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  • Writer's pictureMis-sold Car Finance

Mis-sold Car Finance. FCA Now Investigating The Vehicle Sales Industry.

Historical arrangements used by motor finance firms to pay commission to car dealers and brokers are being reviewed by the Financial Conduct Authority in case consumers have not been treated fairly.

If its concerns are realised, it could rule that there has been "widespread misconduct" in the way brokers and car dealers were paid by motor finance companies without car buyers' explicit knowledge.

The FCA says it is noticing a high number of consumer complaints to motor finance firms concerning historic commission arrangements, which the FCA banned in 2021 when it also reiterated that brokers and dealers should make their customers aware that they earn commission from finance sales.

Under the now banned difference in charges commission model, brokers and dealers had discretion to set the interest rate charged to the car buyer, potentially allowing them to increase their own earnings.

The ban raised aw

areness of the historic model and has prompted more complaints. The FCA said motor finance firms are currently rejecting most complaints because they judge they did not act unfairly nor caused their customers any loss. However, a few cases have been upheld by the Financial Ombudsman Service and the County Courts.

"There is significant dispute between some firms and consumers on whether firms have breached legal and regulatory requirements. Consequently, we are using our powers under s166 of the Financial Services and Markets Act 2000, to review historical motor finance commission arrangements and sales across several firms.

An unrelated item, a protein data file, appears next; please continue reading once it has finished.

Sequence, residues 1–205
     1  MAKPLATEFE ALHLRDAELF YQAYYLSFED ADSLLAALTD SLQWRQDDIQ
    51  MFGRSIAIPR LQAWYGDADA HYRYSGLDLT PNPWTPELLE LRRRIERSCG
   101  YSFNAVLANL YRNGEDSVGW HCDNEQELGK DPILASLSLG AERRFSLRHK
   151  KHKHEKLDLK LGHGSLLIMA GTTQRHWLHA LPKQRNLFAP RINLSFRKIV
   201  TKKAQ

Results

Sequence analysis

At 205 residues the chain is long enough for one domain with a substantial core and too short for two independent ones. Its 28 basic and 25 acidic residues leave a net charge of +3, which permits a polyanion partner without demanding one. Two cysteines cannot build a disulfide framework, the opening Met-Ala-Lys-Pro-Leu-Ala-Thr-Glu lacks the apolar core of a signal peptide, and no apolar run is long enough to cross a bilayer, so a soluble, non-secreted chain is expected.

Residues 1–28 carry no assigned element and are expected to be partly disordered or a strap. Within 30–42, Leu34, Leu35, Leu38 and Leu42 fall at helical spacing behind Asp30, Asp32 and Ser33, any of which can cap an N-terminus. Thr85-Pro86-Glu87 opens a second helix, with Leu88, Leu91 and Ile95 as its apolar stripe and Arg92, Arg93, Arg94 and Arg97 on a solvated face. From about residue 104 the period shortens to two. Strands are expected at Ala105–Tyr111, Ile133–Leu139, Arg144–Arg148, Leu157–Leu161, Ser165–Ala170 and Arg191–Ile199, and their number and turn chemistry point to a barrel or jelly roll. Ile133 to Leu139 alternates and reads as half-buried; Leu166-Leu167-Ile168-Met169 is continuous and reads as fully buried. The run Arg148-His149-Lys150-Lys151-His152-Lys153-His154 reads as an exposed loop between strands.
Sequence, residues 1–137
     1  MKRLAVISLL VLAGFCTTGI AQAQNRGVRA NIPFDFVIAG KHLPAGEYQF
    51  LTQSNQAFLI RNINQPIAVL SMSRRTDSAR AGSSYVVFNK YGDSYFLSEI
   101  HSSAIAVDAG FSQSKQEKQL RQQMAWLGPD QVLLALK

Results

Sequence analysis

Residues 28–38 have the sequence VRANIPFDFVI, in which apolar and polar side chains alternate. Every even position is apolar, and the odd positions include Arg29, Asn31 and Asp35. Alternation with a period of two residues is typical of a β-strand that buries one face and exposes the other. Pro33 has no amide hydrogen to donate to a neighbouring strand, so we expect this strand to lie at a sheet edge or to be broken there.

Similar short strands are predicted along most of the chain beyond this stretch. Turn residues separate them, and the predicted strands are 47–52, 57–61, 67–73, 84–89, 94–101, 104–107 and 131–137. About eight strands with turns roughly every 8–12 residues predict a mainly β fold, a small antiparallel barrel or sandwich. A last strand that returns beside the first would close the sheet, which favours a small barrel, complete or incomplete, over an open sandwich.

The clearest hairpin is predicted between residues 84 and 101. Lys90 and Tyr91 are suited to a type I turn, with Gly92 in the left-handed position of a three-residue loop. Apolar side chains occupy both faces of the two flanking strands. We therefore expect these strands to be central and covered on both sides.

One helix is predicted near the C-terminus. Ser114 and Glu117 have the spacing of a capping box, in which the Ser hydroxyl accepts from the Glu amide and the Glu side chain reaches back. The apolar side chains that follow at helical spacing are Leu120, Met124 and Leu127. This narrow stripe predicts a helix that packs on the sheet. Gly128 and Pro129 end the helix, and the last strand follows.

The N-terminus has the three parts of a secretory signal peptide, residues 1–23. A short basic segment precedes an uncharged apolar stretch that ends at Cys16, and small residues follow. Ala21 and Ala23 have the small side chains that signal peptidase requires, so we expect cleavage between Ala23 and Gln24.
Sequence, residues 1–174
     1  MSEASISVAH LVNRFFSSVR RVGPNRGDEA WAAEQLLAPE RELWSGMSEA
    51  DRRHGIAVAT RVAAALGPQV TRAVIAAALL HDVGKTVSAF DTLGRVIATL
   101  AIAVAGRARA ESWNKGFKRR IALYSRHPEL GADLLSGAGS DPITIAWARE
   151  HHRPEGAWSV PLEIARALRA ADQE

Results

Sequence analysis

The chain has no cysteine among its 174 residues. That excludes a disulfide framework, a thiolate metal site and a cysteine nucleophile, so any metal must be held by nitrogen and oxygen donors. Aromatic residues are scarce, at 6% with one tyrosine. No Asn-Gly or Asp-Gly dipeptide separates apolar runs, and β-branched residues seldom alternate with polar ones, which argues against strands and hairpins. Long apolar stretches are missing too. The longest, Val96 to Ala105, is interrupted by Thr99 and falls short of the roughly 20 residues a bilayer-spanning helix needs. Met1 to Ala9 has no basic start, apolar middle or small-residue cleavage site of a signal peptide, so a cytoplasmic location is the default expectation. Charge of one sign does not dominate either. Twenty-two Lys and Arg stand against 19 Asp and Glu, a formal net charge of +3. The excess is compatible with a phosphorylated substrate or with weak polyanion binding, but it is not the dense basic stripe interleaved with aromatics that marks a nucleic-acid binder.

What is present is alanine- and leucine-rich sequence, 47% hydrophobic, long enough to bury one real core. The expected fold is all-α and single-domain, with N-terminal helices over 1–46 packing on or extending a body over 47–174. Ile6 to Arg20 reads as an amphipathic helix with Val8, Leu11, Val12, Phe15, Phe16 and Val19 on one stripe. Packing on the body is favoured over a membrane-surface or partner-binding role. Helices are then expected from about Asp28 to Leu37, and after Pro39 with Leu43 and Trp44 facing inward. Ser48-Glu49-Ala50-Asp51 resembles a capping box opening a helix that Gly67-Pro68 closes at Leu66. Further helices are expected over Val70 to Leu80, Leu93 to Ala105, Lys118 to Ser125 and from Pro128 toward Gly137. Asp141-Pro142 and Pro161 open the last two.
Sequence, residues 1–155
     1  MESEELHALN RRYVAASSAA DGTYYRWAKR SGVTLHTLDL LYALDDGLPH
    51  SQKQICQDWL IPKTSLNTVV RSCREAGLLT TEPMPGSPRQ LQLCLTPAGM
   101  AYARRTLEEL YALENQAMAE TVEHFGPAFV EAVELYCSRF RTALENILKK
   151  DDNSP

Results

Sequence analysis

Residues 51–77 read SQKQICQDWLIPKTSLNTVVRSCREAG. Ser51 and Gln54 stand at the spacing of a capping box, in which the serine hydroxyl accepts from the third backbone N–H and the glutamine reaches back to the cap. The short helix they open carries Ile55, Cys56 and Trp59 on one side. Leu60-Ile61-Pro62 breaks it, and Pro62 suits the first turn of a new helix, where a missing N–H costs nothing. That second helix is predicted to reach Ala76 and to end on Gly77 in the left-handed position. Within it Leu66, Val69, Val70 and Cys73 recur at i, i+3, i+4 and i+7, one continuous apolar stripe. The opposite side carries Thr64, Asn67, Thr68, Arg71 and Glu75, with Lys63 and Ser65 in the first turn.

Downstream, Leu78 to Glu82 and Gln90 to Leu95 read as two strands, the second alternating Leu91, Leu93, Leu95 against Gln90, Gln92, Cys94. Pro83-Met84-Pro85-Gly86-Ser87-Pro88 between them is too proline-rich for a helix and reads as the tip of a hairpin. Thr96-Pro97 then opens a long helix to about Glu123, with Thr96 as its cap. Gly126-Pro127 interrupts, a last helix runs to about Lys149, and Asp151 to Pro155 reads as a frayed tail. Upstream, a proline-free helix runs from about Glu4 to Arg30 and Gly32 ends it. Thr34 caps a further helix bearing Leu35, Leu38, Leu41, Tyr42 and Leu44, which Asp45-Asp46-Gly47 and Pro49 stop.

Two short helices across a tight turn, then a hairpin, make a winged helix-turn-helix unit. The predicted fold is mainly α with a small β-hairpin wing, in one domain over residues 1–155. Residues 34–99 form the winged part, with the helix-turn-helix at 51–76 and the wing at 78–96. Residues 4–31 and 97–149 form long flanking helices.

"If we find there has been widespread misconduct and that consumers have lost out, we will identify how best to make sure people who are owed compensation receive an appropriate settlement in an orderly, consistent and efficient way and, if necessary, resolve any contested legal issues of general importance."

The FCA is immediately pausing the eight week deadline for motor finance firms to provide a final response to relevant customer complaints relating to a discretionary commission arrangement, in order to prevent inconsistent outcomes for complainants while it assesses the issue.

The pause will last for 37 weeks and applies to the relevant complaints received by motor finance firms since November 17th 2023 until September 25th 2024.

It is also giving consumers up to 15 months to refer their complaint to the Financial Ombudsman, rather than the usual six months.

The FCA will decide what, if any, further action is necessary, and could extend the pause if more time is needed to ensure consumers who might be owed compensation will receive it.

Sheldon Mills, executive director of consumers and competition at the FCA, said: "We are taking a closer look at historical discretionary commission arrangements in the motor finance market following a high number of complaints from customers, which are being rejected by firms. 

"If we find widespread misconduct, we will act to make sure people are compensated in an orderly, consistent and efficient way." 

If you feel you have been the victim of mis-sold car finance contact Claimline Legal UK now on 0800 779 7457 or go to


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